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UCLA Researchers to Test Experimental Pill

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www.ProHealth.com • November 12, 2003


Volunteers with advanced colorectal cancer sought for study of drug designed to block blood vessel growth to tumors

Researchers at UCLA's Jonsson Cancer Center are seeking volunteers with advanced colorectal cancer to participate in two final-phase studies that test the cancer-fighting powers of an experimental pill designed to cut off the blood supply that feeds oxygen and nutrients to cancer tumors.

The experimental drug, called PTK/ZK, is paired with what is considered the best chemotherapy combination available for advanced colorectal cancer, so study volunteers will receive the highest standard of care.

All volunteers enrolled in the studies will get chemotherapy; half will also receive PTK/ZK, while half will be given a placebo. Researchers hope that PTK/ZK will cut off the blood supply that allows tumors to grow and spread, said Dr. J. Randolph Hecht, a Jonsson Cancer Center researcher and national lead investigator for the studies.

A tumor cannot grow bigger than a pinhead unless it establishes an independent blood supply through a process called angiogenesis. Researchers theorize that by stopping or cutting off this new blood supply, they can starve and hopefully kill the cancer. PTK/ZK, an angiogenesis inhibitor, is designed to block the cellular receptors for VEGF, or vascular endothelial growth factor, which signals blood vessels to grow.

"It's a little like satellite television," Hecht said. "The signal, VEGF, is picked up by the receptor, which is like a satellite dish. If you're a blood vessel, this signal tells you to grow. What we hope PTK/ZK does is block the receptor from working, sort of like snipping the wires in the satellite dish. We're hoping this drug keeps the cancer from growing, makes it more sensitive to the chemotherapy we're giving and maybe even makes the tumor shrink by itself."

The studies are open at UCLA's Jonsson Cancer Center in Westwood, as well as at UCLA oncology practices in Santa Monica, Pasadena and Santa Clarita.

One of the clinical trials, called CONFIRM 1 (Colorectal Oral Novel Therapy for the Inhibition of Angiogenesis and Retarding Metastases), studies the angiogenesis inhibitor as a first-line therapy in patients with newly diagnosed colorectal cancer that has spread to other organs. The study will compare the time it takes for tumors to worsen and overall survival rates among two groups of patients. One group will receive a daily dose of PTK/ZK combined with the chemotherapy agents 5-fluorouracil, leucovorin and oxaliplatin, and the other group will be treated with the chemotherapy drugs alone.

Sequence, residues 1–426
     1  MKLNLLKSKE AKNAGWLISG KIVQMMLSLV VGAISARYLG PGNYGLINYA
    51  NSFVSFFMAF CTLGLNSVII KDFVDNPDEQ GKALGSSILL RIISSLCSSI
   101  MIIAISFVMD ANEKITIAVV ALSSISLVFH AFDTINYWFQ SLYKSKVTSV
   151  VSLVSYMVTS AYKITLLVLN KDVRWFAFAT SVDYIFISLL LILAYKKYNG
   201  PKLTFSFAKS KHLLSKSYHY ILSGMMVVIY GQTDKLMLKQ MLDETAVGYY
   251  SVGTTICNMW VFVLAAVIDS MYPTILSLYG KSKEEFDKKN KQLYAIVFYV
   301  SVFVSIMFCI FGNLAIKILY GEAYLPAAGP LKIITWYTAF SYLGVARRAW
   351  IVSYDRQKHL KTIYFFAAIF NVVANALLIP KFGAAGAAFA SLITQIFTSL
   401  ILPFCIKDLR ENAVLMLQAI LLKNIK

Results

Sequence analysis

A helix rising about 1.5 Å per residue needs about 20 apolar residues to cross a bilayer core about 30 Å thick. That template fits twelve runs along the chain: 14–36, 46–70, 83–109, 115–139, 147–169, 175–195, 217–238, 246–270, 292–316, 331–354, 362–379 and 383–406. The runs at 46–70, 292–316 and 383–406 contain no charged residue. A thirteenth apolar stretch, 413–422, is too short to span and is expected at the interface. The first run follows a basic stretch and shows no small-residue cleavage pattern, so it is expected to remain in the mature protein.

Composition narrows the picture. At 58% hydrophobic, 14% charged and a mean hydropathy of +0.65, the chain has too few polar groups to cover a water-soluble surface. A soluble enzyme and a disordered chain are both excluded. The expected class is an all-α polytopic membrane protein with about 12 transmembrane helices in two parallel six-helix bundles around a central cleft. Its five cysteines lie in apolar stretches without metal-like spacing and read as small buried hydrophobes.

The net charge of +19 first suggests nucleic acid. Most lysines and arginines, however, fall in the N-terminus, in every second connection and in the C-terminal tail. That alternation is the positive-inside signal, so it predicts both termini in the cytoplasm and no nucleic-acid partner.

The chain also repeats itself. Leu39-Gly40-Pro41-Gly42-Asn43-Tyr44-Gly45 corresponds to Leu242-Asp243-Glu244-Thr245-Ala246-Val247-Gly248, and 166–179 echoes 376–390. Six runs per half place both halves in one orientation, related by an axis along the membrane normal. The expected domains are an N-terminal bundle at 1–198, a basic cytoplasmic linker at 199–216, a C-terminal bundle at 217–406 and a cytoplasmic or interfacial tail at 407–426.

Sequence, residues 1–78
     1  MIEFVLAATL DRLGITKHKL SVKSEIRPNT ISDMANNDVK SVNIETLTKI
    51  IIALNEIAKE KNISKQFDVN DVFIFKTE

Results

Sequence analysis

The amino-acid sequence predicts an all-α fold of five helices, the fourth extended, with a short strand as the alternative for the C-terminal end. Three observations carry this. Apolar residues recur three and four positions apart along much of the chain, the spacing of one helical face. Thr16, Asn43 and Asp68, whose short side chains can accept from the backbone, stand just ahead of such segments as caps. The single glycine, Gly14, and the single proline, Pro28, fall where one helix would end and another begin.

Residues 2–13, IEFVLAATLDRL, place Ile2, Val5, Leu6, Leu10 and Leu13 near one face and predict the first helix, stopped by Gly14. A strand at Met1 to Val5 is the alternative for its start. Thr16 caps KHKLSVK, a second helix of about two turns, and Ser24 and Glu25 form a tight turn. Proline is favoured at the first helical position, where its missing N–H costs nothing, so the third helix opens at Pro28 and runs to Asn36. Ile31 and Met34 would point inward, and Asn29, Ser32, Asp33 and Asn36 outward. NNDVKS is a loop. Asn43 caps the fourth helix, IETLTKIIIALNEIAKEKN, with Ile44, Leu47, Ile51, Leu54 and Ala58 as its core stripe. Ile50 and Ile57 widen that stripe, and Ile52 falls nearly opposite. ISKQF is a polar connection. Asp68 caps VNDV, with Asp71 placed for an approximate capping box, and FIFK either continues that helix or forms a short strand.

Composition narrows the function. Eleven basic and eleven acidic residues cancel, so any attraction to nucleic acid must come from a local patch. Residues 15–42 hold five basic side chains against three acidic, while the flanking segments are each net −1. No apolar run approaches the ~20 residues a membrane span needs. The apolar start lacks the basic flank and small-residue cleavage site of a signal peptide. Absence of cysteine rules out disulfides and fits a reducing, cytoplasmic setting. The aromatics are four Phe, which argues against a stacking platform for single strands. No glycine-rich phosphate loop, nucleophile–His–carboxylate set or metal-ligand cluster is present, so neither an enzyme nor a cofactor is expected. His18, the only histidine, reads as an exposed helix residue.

The other study, CONFIRM 2, is for advanced colorectal cancer patients who have already undergone treatment with the chemotherapy combination of 5-fluorouracil, leucovorin and irinotecan but whose cancer has progressed. The study will look at the potential survival benefit of PTK/ZK combined with the chemotherapy agents 5-flurouracil, leucovorin and oxaliplatin, as compared to the chemotherapy drugs alone.

PTK/ZK is a member of one of the newest classes of cancer drugs in development, those that target specific molecules in cells. The idea behind these targeted therapies is to attack what goes awry in cancer cells and spare the healthy cells as much as possible.

"Cancers can't make their own blood vessels. To grow larger and spread, they need to trick the body into growing these new vessels," Hecht said. "These vessels make an attractive target for therapy because an adult rarely needs to grow blood vessels unless they're healing a wound. So blocking new blood vessel growth as a way to treat cancer has the potential for relatively few side effects."

Advanced colorectal cancer is usually fatal, Hecht said, so it is vital that oncologists find new and better ways to treat the disease. Colorectal cancer will strike about 150,000 Americans this year alone and kill more than 58,000 people. It is the second leading cause of cancer deaths in the United States, after lung cancer.

"The treatments we have now for advanced colorectal cancer prolong life, but unfortunately, they are not a cure," Hecht said. "We need to look for improved methods of treatment, and angiogenesis inhibitors have been promising."

The two studies are being conducted at multiple sites across the country, Hecht said. Researchers are seeking 1,090 patients for CONFIRM 1 and 830 patients for CONFIRM 2, according to Novartis Oncology and Schering AG, sponsors of the study.

Also contact: Mary Hardin, mhardin@mednet.ucla.edu 310-206-3769

For more information on the studies at UCLA's Jonsson Cancer Center and its affiliated locations, call the clinical trials hotline at 888-798-0719.

UCLA's Jonsson Comprehensive Cancer Center is composed of more than 240 cancer researchers and clinicians engaged in cancer research, prevention, detection, control and education. The center, one of the nation's largest comprehensive cancer centers, is dedicated to promoting cancer research and applying the results to clinical situations.

In 2003, the Jonsson Cancer Center was named the best cancer center in the western United States by U.S. News & World Report, a ranking it has held for four consecutive years.

For more information on the Jonsson Cancer Center, visit the Web site at www.cancer.mednet.ucla.edu.



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